Purpose of review: The study of the genetic basis of tuberculosis pathogenesis has benefited from powerful technological innovations, a more structured definition of latent and clinical manifestations of the disease, and the application of functional genomics approaches. This short review aims to summarize recent advances and to provide a link with results of previous human genetic studies of tuberculosis susceptibility.
Recent findings: Transcriptomics has been shown to be a useful tool to predict progression from latency to clinical disease while functional genomics has traced the molecular events that link pathogen-triggered gene expression and host genetics. Resistance to infection with Mycobacterium tuberculosis has been revealed to be strongly impacted by host genetics. Host genomics of clinical disease has been shown to be most powerful when focusing on carefully selected clinical entities and possibly by considering host pathogen combinations.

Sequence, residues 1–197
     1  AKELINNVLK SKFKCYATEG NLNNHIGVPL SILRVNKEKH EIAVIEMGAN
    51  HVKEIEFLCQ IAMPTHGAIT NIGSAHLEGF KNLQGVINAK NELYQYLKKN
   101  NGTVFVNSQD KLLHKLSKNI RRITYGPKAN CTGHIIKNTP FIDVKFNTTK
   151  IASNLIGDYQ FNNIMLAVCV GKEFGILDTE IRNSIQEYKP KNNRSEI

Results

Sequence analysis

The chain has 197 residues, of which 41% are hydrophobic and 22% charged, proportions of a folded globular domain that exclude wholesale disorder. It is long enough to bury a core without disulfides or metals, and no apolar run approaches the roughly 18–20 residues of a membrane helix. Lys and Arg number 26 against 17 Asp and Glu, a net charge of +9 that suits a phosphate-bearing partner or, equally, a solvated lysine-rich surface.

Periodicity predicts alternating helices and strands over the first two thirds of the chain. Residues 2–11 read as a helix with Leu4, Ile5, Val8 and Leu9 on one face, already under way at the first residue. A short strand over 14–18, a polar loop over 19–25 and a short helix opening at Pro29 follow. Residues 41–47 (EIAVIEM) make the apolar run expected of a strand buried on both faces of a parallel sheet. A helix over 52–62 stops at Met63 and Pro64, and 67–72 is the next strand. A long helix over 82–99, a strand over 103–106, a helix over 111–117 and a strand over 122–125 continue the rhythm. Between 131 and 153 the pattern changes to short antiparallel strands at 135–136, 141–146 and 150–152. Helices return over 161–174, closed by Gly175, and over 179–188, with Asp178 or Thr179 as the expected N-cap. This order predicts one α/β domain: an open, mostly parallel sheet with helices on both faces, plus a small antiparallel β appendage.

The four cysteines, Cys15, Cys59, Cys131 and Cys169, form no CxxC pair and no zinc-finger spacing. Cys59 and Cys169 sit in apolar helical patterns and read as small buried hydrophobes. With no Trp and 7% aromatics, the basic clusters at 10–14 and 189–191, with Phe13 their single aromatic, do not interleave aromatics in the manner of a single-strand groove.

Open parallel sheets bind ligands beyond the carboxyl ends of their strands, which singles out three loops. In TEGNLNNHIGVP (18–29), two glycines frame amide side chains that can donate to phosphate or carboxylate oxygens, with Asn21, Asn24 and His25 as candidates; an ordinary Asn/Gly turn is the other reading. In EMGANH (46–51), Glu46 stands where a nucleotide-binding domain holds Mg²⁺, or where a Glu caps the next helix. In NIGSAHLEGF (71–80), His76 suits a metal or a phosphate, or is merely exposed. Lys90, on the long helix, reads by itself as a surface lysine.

Summary: Future studies need to build on the latest molecular findings to define disease subtypes to successfully elucidate the human genetic component in tuberculosis pathogenesis.
Keywords: functional genomics of tuberculosis; host genomics of tuberculosis; human genetics of infection; transcript biomarkers; tuberculosis.